A long-planned project to restore the eroding East Chop Bluff in Oak Bluffs is inching closer to reality, although the town is still seeking funding for the $17 to $20 million project.

Scenic drive atop the bluff is restricted to one lane for safety reasons. — Mark Alan Lovewell

A plan to stabilize about 2,400 feet of the bluff below East Chop Drive is before the Martha’s Vineyard Commission for review as a development of regional impact (DRI). A public hearing about the proposal was scheduled to continue at the commission Thursday night at the Olde Stone Building in Oak Bluffs.

The outcropping of land jutting into Vineyard Sound, topped with a scenic road, historic homes and a lighthouse, has been damaged by erosion for more than a century. The bluff was dealt a major blow by Hurricane Sandy in 2012, which undermined the cliff and created a condition called slumping, which means the bluff was destabilized at the bottom allowing the top to slump down. Since then, East Chop Drive has been restricted to a single lane of traffic due to safety concerns.

The bluff has continued to deteriorate over the past five years, battered by onshore storms and waves from Vineyard Sound.

“It’s a very important project,” town administrator Robert Whritenour said this week. While he said the bluff isn’t at risk of imminent collapse, “the rate of erosion continues, the slumping continues. So it’s a problem that’s going to continue and get worse.” For several years the town has been grappling with the problem and seeking financing for the project, including pursuing Federal Emergency Management Agency funding that never came through.

While the town is still in pursuit of funding, a state Department of Conservation and Recreation grant has paid for design and permitting, which town officials said was a major boost. Plans have been drawn by project engineer Carlos Pena of CLE Engineering.

The project focuses on the western side of the bluff, from below roughly Munroe avenue to Arlington avenue. The plan calls for expanding an existing stone revetment using a slope of angular armor stones. The revetment would be raised by eight to 10 feet to a height of 20 feet, which is above the 100-year flood elevation. The height also accounts for wave run-up and two feet of future sea level rise.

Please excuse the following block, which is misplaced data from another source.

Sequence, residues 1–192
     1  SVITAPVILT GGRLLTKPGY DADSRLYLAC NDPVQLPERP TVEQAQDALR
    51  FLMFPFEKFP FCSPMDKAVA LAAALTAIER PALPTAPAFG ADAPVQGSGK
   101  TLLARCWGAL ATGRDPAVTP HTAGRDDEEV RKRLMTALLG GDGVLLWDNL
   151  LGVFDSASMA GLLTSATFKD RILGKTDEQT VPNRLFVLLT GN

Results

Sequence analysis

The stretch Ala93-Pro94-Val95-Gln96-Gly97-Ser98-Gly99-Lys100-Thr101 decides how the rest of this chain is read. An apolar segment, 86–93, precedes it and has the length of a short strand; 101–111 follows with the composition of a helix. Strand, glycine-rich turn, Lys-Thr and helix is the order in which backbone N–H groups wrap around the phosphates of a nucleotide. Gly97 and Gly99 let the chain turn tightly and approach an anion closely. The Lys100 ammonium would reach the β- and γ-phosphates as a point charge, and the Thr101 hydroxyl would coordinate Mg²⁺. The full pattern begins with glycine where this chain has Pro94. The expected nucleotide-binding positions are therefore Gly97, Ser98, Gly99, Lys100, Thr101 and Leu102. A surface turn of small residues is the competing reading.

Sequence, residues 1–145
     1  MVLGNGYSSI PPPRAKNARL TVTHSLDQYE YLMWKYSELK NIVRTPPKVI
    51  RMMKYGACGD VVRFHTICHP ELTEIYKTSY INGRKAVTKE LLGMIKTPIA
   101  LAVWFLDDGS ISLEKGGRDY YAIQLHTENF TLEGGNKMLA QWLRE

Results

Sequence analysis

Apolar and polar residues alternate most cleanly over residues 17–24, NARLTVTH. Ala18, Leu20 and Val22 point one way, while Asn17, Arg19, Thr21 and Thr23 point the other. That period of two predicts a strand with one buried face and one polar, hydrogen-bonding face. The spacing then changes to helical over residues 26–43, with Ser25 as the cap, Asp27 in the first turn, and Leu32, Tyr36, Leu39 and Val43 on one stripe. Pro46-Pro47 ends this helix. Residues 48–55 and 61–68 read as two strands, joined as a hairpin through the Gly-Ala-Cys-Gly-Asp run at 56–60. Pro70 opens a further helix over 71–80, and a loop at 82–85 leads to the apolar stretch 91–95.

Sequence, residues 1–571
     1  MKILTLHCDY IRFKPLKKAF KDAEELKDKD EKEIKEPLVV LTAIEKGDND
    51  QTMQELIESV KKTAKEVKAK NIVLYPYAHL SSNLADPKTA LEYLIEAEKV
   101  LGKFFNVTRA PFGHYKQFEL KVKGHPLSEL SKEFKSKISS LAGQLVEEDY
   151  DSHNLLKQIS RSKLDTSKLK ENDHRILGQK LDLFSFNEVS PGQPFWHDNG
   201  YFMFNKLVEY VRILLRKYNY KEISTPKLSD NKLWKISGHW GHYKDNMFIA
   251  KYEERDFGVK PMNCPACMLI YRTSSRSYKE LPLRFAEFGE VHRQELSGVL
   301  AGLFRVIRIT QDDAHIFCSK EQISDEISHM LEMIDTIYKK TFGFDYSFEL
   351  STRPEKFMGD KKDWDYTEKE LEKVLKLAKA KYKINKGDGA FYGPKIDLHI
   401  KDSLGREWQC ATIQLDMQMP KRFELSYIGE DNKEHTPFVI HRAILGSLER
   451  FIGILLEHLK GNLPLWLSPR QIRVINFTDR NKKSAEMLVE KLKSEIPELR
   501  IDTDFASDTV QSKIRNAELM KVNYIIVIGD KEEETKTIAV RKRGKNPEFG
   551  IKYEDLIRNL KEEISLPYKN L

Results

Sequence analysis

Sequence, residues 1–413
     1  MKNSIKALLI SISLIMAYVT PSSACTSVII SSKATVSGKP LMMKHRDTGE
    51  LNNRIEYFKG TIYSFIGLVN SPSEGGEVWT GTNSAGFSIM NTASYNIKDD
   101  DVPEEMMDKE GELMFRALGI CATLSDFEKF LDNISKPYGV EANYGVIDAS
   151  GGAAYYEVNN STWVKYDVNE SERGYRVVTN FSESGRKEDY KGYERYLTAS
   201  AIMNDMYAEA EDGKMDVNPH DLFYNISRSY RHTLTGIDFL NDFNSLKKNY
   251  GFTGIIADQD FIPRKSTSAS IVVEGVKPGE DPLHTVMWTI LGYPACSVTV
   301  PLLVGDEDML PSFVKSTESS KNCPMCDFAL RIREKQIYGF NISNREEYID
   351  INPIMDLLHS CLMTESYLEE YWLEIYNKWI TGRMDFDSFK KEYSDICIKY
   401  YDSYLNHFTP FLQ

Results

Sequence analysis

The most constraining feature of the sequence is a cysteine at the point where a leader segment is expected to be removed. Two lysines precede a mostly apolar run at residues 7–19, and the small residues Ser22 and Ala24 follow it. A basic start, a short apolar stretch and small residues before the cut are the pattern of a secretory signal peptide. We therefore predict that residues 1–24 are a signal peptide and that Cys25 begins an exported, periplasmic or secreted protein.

The revetment would also be expanded by more than 30,000 feet to a total area of 77,650 square feet along the foot of the bluff.

Work to fully restore bluff will cost $17 to $20 million. — Mark Alan Lovewell

Fill would be placed at a 27-degree angle from the top of the revetment up the bluff. For stabilization, the town proposes planting a variety of salt-tolerant sea plants including Northern bayberry, beach plum, rosa rugosa and little blue stem.

A path is planned along the top of the revetment to improve public access to the beach below the bluff. The revetment would also comply with the Americans with Disabilities Act by providing access through a ramp at the southern entrance. Repairing the bluff is important for public safety and to save the roadway, which provides access to several historic homes and to the East Chop Lighthouse, town conservation agent Elizabeth Durkee said. It is also culturally important as one of the few scenic roadways on the Island that is accessible to the public, she said, and provides the t own with recreational use and open space. “Thousands and thousands of people use it to walk and run . . . the historic East Chop lighthouse is right around the corner,” Mrs. Durkee said. “It’s got economic value because people use it, people who use it spend money in town. And it’s a public safety issue, too.”